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The Art of Hunting Truffles in Tuscany

An epicurean excursion with a truffle expert and his four-legged friends.

The lush rolling hills of Tuscany are celebrated for their bountiful produce. And from late summer through early winter, the region is a gold mine for one of Italy’s most coveted culinary treasures: truffles.

Truffle-loving visitors to Tuscany are able to participate in the ultimate epicurean adventure—foraging for the precious tubers with a certified hunter and two specially-trained dogs, then having their bounty cooked for them as part of a multi-course meal.

The property is set among 12 private acres of rich countryside studded with majestic oak trees, under which truffles grow at the roots.

Nestled in the hills of Fiesole, overlooking the beautiful city of Florence, is another Tuscan gem: Il Salviatino. This handsomely restored 15th-century villa embodies Italy’s romantic past with its vaulted ceilings, lavish décor, magnificent marble fireplaces, and a remarkable collection of 19th-century frescoes. The property is set among 12 private acres of rich countryside studded with majestic oak trees, under which truffles grow at the roots. Il Salviatino offers guests the opportunity to forage for said truffles with area expert Guilio the Truffle Hunter.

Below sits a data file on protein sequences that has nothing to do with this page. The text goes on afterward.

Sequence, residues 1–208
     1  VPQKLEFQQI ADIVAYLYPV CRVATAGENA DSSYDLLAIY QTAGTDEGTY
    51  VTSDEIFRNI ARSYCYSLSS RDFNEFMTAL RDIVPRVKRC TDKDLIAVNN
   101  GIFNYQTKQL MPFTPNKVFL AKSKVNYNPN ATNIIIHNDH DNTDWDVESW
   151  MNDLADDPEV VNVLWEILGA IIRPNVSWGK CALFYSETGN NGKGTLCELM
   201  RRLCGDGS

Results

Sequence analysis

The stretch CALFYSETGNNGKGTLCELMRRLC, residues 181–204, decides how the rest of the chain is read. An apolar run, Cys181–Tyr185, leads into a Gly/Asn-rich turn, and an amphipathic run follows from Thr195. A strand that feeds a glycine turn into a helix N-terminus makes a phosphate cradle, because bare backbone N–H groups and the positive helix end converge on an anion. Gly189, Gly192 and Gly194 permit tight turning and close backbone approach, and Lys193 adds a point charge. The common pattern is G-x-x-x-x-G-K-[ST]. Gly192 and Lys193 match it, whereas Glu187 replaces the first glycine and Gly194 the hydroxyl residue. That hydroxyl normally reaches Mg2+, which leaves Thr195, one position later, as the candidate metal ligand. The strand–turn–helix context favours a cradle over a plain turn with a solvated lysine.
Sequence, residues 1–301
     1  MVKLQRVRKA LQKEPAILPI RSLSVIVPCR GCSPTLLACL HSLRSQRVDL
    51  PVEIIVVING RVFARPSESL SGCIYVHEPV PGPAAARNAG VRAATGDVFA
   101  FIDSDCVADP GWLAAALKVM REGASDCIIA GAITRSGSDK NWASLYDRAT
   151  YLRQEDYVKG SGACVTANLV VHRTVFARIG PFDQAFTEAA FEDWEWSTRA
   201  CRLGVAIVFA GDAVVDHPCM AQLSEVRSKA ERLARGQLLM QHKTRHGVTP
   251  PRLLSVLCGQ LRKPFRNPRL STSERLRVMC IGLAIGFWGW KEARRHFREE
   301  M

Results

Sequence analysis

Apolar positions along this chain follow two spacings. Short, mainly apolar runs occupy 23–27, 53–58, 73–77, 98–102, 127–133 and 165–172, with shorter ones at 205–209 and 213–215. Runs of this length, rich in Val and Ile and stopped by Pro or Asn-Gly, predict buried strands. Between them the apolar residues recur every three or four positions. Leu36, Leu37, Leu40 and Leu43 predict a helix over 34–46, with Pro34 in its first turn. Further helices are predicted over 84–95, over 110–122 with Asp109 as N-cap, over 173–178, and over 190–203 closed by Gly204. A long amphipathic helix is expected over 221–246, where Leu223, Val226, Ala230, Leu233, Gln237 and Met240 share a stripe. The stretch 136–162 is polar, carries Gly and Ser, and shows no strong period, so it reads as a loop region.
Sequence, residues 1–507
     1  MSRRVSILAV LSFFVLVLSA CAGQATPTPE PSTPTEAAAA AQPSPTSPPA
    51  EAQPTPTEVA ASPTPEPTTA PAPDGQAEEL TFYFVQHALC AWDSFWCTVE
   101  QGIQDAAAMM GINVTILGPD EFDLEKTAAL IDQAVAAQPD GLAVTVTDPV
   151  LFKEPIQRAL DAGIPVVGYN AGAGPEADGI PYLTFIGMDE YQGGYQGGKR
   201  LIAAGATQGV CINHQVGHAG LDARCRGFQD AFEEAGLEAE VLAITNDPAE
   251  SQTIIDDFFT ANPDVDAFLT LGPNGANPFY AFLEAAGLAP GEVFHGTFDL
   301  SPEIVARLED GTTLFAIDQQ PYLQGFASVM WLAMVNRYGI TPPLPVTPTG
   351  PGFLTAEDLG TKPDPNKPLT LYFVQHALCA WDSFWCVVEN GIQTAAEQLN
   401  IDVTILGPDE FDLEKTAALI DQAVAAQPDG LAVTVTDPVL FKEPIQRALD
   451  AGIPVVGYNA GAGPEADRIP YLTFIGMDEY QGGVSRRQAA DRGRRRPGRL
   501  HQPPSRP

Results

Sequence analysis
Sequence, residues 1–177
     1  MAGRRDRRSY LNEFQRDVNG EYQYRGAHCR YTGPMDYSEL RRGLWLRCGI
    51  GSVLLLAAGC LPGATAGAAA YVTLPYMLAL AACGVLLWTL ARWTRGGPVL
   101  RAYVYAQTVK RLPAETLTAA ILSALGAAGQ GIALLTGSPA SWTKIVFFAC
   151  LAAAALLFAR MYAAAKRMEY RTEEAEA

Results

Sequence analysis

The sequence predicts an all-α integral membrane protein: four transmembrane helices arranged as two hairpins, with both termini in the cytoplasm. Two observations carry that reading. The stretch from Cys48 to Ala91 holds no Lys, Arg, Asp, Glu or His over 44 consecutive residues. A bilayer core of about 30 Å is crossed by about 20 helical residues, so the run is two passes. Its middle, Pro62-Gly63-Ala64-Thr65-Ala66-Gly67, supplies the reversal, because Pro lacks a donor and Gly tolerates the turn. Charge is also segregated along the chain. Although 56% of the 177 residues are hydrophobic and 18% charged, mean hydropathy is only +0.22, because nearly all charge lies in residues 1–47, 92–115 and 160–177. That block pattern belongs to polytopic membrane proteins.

Giulio Benuzzi is a member of the prestigious Tuscan Truffle Association (called Associazione Tartufai delle Colline della Bassa Valdelsa) and is one of the foremost truffle authorities in the world. He cultivated his deep-rooted passion for truffles after running a bed-and-breakfast where he offered guests a range of authentic culinary tours. In 2008, he decided to close the popular B&B after 10 years to focus on truffles full-time, which meant undergoing extensive training and exams to acquire his prestigious hunting license. After completing all the hard work and hands-on experience, Giulio needed to find the perfect companion dog to hunt with (in the 1970’s, Italian truffle hunters stopped using pigs because they were too destructive to the forests, so they began to train dogs for the task).